MASS: Masked Sequence to Sequence Pre-training for Language Generation X5 X1 X2 X3 X4 X5 X6 X7 X8 Encoder Attention Decoder Encoder Attention Decoder X1 X2 X3 X4 _ X6 X7 X8 _ _ _ _ _ _ _ _ _ _ _ _ _ _ _ _ _ X1 X2 X3 X4 X5 X6 X7 (a) Masked language modeling in BERT (k = 1) (b) Standard language modeling (k = m) Figure 2. The model structure of MASS when k = 1 and k = m. Masked language modeling in BERT can be viewed as the case k = 1 and standard language modeling can be viewed as the case k = m. 7 − 8). While our method works for any neural network Length Probability Model based encoder-decoder frameworks, we choose Transformer k=1 u P (x |x ; θ)\u masked LM in BERT in our experiments, considering that it achieves state-of-the- k=m P (x1:m |x\1:m ; θ) standard LM in GPT art performances in multiple sequence to sequence learning k ∈ (1, m) P (xu:v |x\u:v ; θ) methods in between tasks. Actually, the masked language modeling in BERT (Devlin Table 1. Masked language modeling in BERT and standard lan- guage modeling, as special cases covered in MASS. et al., 2018) and the standard language modeling (Bengio et al., 2003; Mikolov et al., 2010) in GPT (Radford et al., 2018) can be viewed as special cases of MASS. We have an important hyperparameter k, which denotes the length these methods in general. of the masked fragment of the sentence. Our method with different k values can cover the special cases that are related • Standard language modeling has long been used for to previous pre-training methods, as shown in Table 1. pre-training, and the most prominent ones are the re- When k = 1, the masked fragment in the source sentence cently proposed ELMo (Peters et al., 2018) and Ope- contains only one token, and the decoder predicts this token nAI GPT (Radford et al., 2018). BERT introduces without any tokens as input but conditioned on the unmasked two pre-training tasks (masked language modeling and source tokens, as shown in Figure 2a. It becomes the masked next sentence prediction) for natural language under- language modeling as used in BERT. One may argue that standing, and uses one encoder to extract the repre- the model structure is a little bit different from the masked sentation for a single sentence or a pair of sentences. language model. However, since all the input tokens of the Both standard language modeling and BERT can just decoder are masked, the decoder is itself like a non-linear pre-train the encoder or decoder separately. While classifier, analogous to the softmax matrix used in BERT. achieving promising results on language understand- In this case, the conditional probability is P (xu |x\u ; θ) and ing tasks, they are not suitable for language genera- u is the position of the masked token, which is exactly the tion tasks which typically leverage an encoder-decoder formulation of masked language modeling used in BERT3 . framework for conditional sequence generation. When k = m where m is the number of tokens in sen- • MASS is designed to jointly pre-train the encoder and tence x, all the tokens on the encoder side are masked and decoder for language generation tasks. First, by only the decoder needs to predict all tokens given previous to- predicting the masked tokens through a sequence to kens, as shown in Figure 2b. The conditional probability sequence framework, MASS forces the encoder to un- is P (x1:m |x\1:m ; θ), and it becomes the standard language derstand the meaning of the unmasked tokens, and modeling in GPT, conditioned on null information from the also encourages the decoder to extract useful infor- encoder as all the tokens in the encoder side are masked. mation from the encoder side. Second, by predicting consecutive tokens in the decoder side, the decoder 3.3. Discussions can build better language modeling capability than just MASS is a pre-training method for language generation. predicting discrete tokens. Third, by further masking While its special cases are related to the previous methods the input tokens of the decoder which are not masked including the standard language modeling in GPT and the in the encoder side (e.g., when predicting fragment masked language modeling in BERT, it is different from x3 x4 x5 x6 , only the tokens x3 x4 x5 are taken as the in- 3 put and other tokens are masked with [M]), the decoder One may argue that the masked language modeling in BERT is encouraged to extract more useful information from randomly masks multiple tokens rather than just one token at a time. However, the key idea behind masking language modeling the encoder side, rather than leveraging the abundant in BERT is to leverage bidirectional context information. Masking information from the previous tokens. multiple tokens at a time is mainly for training speedup.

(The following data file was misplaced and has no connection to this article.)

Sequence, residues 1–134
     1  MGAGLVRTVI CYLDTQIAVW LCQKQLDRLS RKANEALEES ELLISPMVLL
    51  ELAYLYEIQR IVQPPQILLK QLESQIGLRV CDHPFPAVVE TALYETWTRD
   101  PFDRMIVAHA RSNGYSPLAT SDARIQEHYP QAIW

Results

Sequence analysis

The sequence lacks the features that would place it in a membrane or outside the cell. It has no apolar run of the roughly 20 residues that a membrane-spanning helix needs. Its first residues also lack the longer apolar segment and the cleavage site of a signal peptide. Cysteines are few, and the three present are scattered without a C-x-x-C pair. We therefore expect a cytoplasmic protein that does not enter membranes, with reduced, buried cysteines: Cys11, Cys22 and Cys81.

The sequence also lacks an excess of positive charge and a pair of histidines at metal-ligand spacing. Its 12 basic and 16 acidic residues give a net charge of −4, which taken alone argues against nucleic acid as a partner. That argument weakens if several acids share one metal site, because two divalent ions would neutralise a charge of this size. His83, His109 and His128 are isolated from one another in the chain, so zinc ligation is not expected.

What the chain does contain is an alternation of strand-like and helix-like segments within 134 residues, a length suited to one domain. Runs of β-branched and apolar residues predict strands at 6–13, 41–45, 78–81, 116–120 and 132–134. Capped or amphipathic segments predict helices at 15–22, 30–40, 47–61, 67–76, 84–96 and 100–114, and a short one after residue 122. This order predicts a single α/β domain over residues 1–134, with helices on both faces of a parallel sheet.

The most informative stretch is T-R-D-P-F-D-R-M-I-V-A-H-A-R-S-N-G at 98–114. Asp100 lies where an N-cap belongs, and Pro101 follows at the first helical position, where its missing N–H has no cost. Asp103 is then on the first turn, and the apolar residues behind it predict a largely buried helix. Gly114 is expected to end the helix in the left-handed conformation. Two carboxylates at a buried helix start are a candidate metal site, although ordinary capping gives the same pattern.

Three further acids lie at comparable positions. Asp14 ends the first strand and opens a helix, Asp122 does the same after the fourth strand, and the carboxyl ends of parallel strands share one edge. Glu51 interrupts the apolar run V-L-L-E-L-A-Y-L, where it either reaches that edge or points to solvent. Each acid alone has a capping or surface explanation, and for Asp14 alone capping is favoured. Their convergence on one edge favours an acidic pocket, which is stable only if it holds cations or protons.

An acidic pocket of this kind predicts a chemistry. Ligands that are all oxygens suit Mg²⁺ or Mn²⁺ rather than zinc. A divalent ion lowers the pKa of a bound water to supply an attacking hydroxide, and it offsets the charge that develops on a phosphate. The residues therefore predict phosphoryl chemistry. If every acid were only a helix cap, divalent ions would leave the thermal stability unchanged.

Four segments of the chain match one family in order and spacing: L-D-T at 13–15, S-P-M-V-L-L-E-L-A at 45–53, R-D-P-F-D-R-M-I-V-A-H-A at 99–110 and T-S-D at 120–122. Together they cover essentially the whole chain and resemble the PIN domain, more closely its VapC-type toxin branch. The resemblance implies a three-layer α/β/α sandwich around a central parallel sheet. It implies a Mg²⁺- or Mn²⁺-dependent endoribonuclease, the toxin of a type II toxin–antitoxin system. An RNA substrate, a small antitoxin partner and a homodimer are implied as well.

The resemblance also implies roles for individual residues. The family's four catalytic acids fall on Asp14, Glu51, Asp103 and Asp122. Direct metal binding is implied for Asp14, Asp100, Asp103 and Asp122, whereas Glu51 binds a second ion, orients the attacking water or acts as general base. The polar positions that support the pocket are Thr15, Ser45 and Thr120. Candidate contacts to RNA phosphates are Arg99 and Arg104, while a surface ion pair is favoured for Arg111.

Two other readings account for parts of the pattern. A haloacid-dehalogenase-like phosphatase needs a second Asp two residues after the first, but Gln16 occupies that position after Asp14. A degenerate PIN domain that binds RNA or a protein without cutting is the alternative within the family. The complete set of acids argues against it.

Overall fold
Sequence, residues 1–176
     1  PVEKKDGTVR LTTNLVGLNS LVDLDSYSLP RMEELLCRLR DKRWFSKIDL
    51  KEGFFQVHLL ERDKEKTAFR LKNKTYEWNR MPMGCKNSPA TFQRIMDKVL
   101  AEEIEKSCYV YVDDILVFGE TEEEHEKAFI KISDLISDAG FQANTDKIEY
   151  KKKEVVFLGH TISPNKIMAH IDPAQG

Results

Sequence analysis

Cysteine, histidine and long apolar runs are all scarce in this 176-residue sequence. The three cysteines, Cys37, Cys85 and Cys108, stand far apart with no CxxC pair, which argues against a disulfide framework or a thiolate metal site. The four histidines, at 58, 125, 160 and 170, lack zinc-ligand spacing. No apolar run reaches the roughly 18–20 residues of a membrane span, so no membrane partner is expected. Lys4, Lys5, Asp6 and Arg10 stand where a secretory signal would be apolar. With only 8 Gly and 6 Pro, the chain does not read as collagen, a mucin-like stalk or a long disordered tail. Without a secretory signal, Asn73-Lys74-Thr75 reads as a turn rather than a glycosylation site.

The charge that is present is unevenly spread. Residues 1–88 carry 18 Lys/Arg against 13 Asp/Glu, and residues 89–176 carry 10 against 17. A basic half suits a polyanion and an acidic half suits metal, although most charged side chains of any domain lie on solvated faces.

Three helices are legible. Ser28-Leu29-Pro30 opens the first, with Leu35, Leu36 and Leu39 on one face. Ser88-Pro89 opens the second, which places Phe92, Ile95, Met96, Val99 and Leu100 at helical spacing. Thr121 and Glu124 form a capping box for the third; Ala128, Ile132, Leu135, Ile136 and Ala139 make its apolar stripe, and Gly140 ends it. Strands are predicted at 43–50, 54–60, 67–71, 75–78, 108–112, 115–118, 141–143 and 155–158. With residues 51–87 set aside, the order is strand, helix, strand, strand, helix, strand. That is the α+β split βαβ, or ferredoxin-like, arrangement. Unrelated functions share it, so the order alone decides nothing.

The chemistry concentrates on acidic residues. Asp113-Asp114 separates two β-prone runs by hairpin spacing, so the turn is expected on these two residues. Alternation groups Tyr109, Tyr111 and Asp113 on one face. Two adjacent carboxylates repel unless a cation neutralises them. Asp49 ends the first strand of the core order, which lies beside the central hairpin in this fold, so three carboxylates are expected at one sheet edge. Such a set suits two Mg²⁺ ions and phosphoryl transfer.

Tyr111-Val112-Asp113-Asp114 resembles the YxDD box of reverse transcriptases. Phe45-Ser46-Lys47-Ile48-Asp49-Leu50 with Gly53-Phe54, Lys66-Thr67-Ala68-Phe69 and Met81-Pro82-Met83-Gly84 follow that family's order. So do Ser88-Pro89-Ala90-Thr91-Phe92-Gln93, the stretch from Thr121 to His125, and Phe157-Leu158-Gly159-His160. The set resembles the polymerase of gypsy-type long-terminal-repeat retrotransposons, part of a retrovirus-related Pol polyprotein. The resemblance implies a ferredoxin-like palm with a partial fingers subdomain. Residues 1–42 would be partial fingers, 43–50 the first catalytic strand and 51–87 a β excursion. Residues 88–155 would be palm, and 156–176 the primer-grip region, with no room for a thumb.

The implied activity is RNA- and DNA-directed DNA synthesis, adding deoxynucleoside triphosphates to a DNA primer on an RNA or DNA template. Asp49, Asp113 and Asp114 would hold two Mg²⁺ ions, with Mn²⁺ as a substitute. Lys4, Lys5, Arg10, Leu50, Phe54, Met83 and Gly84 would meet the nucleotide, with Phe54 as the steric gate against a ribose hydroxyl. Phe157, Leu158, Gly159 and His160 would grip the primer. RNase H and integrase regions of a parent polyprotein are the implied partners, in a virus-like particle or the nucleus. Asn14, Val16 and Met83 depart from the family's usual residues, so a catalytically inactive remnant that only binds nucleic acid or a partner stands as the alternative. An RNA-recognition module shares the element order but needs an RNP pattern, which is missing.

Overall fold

MASS: Masked Sequence to Sequence Pre-training for Language Generation 4. Experiments and Results position for the third token is still 2 but not 0). In this way, we can get similar accuracy and reduce 50% computation In this section, we describe the experimental details about in the decoder. We use Adam optimizer (Kingma & Ba, MASS pre-training and fine-tuning on a variety of language 2015) with a learning rate of 10−4 for the pre-training. The generation tasks, including NMT, text summarization, con- model are trained on 8 NVIDIA V100 GPU cards and each versational response generation. mini-batch contains 3000 tokens for pre-training. 4.1. MASS Pre-training To verify the effectiveness of MASS, we fine-tune the pre- trained model on three language generation tasks: NMT, Model Configuration We choose Transformer (Vaswani text summarization and conversational response generation. et al., 2017) as the basic model structure, which consists We explore the low-resource setting on these tasks where of 6-layer encoder and 6-layer decoder with 1024 embed- we just leverage few training data for fine-tuning to simulate ding/hidden size and 4096 feed-forward filter size. For the low-resource scenario. For NMT, we mainly investigate neural machine translation task, we pre-train our model on the zero-resource (unsupervised) setting, as unsupervised the monolingual data of the source and target languages. We NMT has become a challenging task in recent years (Artetxe respectively conduct experiments on three language pairs: et al., 2017; Lample et al., 2017; 2018). English-French, English-German, and English-Romanian. For other language generation tasks, including text summa- 4.2. Fine-Tuning on NMT rization and conversational response generation, we pre- train the model with only English monolingual data re- In this section, we first describe the experiments on the spectively. To distinguish between the source and target unsupervised NMT, and then introduce the experiments on languages in neural machine translation task, we add a lan- low-resource NMT. guage embedding to each token of the input sentence for the encoder and decoder, which is also learnt end-to-end. We Experimental Setting For unsupervised NMT, there is implement our method based on codebase of XLM 4 . no bilingual data to fine-tune the pre-trained model. There- fore, we leverage the monolingual data that is also used in the pre-training stage. Different from Artetxe et al. (2017); Datasets We use all of the monolingual data from WMT Lample et al. (2017; 2018), we just use back-translation News Crawl datasets5 , which covers 190M, 62M and 270M to generate pseudo bilingual data for training, without us- sentences from year 2007 to 2017 for English, French, Ger- ing denoising auto-encoder6 . During fine-tuning, we use man respectively. We also include a low-resource language, Adam optimizer (Kingma & Ba, 2015) with initial learn- Romanian, in the pre-training stage, to verify the effective- ing rate 10−4 , and the batch size is set as 2000 tokens for ness of MASS pre-trained with low-resource monolingual each GPU. During evaluation, we calculate the BLEU score data. We use all of the available Romanian sentences from with multi-bleu.pl7 on newstest2014 for English-French, and News Crawl dataset and augment it with WMT16 data, newstest2016 for English-German and English-Romanian. which results in 2.9M sentences. We remove the sentences with length over 175. For each task, we jointly learn a Results on Unsupervised NMT Our results are shown 60,000 sub-word units with Byte-Pair Encoding (Sennrich in Table 2. On all the 6 translation directions, our method et al., 2016) between source and target languages. outperforms all of the previous results, including the meth- ods without pre-training (Lample et al., 2018) and with Pre-Training Details We mask the fragment by replac- pre-training (Lample & Conneau, 2019). XLM (Lample ing the consecutive tokens with special symbols [M], with & Conneau, 2019) is the previous state-of-the-art method random start position u. Following Devlin et al. (2018), the which leverage BERT like pre-training in encoder and de- masked tokens in the encoder will be a [M] token 80% of coder, which covers several pre-training methods: masked the time, a random token 10% of the time and a unchanged language model (MLM) and causal language model (CLM). token 10% of the time. We set the fragment length k as Our method still outperforms XLM by 4.1 BLEU points on roughly 50% of the total number of tokens in the sentence en-fr. and also study different k to compare their accuracy changes. To reduce the memory and computation cost, we removed Compared with Other Pre-training Methods We also the padding in the decoder (the masked tokens) but keep the compare MASS with the previous pre-training methods for positional embedding of the unmasked tokens unchanged language generation tasks. The first baseline is BERT+LM, (e.g., if the first two tokens are masked and removed, the 6 MASS is better than denoising auto-encoder as we will show 4 https://github.com/facebookresearch/XLM in Table 3. 5 7 While we choose the WMT monolingual data in the current https://github.com/moses-smt/mosesdecoder/blob/master/ setting, pre-training on Wikipedia data is also feasible. scripts/generic/multi-bleu.perl